Sharon Kirkey of Postmedia News has published an important news story revealing that pediatricians can be just as reckless as psychiatrists in their recommendations for Attention Deficit disorder (ADD). Yesterday, the American Academy of Pediatrics (AAP) released updated ADD guidelines that recommend medication treatment for preschoolers as young as age 4—despite the fact that such early use is not approved by the FDA. This radical suggestion will further the already problematic overdiagnosis of ADD and expand the inappropriate prescription of medication to young children.
It is absolutely clear that medication can be very helpful for ADD in carefully diagnosed school-age kids who have moderate/severe problems and who have not responded to patient watchful waiting, parent training, and behavioral interventions. But in busy practice settings, ADD is often inaccurately diagnosed and prematurely treated with medication—especially under the pressure of heavy drug company marketing to physicians and direct advertising to parents and teachers.
Medication for preschoolers should be undertaken only under very special circumstances by people who are especially expert in ADD—like the creators of the AAP guidelines. But it is a great mistake to encourage such early use of medication in much less expert general practice—especially since preschoolers are difficult to diagnose accurately and may be more prone to harmful medication effects like loss of appetite, failure to gain weight appropriately, abdominal pain, headaches, agitation, and disturbed sleep. And there are rare but dangerous cardiac risks. Safety in young children has not been studied nearly enough to inspire any confidence about short term problems and long term risks. This should be a treatment of very last resort in preschoolers, reserved for those with the most severe problems and delivered by those with the greatest expertise.
Mark Wolraich, the lead author, is quoted as follows justifying the guidelines "Because of greater awareness about ADHD and better ways of diagnosing and treating this disorder, more children are being helped. Treating children at a young age is important, because when we can identify them earlier and provide appropriate treatment, we can increase their chances of succeeding in school."
Clearly, he is touting the benefits (which certainly may be appreciable for some), but ignoring the risks (which may be appreciable for others), and the fact that very little research has been done to assess the accuracy of diagnosis and the safety of medication in very young children—especially in general practice settings.
The AAP guidelines do take the useful precaution of recommending a first line trial of behavioral interventions in preschool children with stimulants to be used later only for those with moderate to severe symptoms which have not improved after behavior therapy. But experience suggests that these cautions will be widely ignored in busy everyday practice, especially because behavioral approaches are usually unavailable and medication is so highly promoted and readily available.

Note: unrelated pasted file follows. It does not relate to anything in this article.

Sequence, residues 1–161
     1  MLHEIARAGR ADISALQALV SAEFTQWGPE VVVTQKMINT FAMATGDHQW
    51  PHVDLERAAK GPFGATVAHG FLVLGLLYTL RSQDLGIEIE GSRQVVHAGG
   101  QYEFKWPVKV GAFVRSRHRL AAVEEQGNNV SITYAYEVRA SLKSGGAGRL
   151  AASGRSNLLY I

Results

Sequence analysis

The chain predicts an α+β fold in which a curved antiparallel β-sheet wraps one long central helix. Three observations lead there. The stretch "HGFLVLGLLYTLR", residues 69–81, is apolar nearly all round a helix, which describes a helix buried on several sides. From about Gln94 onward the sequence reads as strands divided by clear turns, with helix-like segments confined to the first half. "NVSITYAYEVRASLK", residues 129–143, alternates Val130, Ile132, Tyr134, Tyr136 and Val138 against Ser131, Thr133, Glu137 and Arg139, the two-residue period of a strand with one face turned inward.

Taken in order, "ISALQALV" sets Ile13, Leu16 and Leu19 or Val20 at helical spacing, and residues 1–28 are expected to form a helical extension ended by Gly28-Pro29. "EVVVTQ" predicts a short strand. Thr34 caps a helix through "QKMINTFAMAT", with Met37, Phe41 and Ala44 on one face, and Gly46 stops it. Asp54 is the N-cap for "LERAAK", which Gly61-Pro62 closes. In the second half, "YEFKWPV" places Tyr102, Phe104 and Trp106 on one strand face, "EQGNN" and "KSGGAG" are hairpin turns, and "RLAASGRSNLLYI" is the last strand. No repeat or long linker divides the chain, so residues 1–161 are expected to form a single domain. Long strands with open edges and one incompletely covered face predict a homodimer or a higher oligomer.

Thus, despite its caveats and good intentions, the AAP guideline will surely invite an inappropriate glut of medication for preschoolers. And we will be largely flying blind about its impact. Much more study and cautious consideration of the risks and unintended consequences should have preceded the issuance of prestigious guidelines so likely to greatly influence practice habits.
How could the AAP experts in ADD go so far wrong? It really should be no surprise—the ADD experts working on DSM 5 are making precisely the same kind of expansive, reckless mistakes. These poorly conceived AAP guidelines confirm the folly of placing responsibility for important public health decisions solely in the hands of highly specialized experts who have worked only in university settings. Experts are almost always hopelessly nave about how their guidelines will be misused in real life. We have already experienced a vast expansion in the diagnosis and medication treatment of ADD and these new AAP guidelines will encourage a further feeding frenzy of aggressive marketing by drug companies. The cautions included in the guidelines to protect against the first line use of medications will be routinely ignored, many young kids will be carelessly diagnosed, and they will receive unnecessary medication. The evidence that drugs are safe in preschoolers and will be judiciously prescribed in everyday practice is ridiculously incomplete. The ADD diagnosis will doubtless often be made prematurely in very young children who will then receive unnecessary and potentially harmful medication. If any diagnostic or treatment guideline can possibly be misused it will be—especially once drug company marketing distorts its intended use.
The recklessness of the AAP in producing this treatment guideline for ADD and of the American Psychiatric Association in reducing the thresholds for the DSM 5 diagnosis for ADD together prove that important public health decisions cannot be entrusted to narrowly focused professional organizations. Experts on any topic have an inherent intellectual conflict of interest that prevents them from performing properly balanced and unbiased risk benefit analyses. They consistently tend to exaggerate the benefits and ignore the risks of their suggestions—especially as these will play out in general practice. Experts drawn from pediatrics and psychiatry are needed to inform, but should not exclusively control, the development of the diagnostic and treatment guidelines for ADD.
In my view, the AAP treatment guidelines and the DSM 5 diagnostic guidelines both need to be tightened before they will fit for use by the average practitioner. In their current form, both are far too expansive and far too risky—they are best ignored.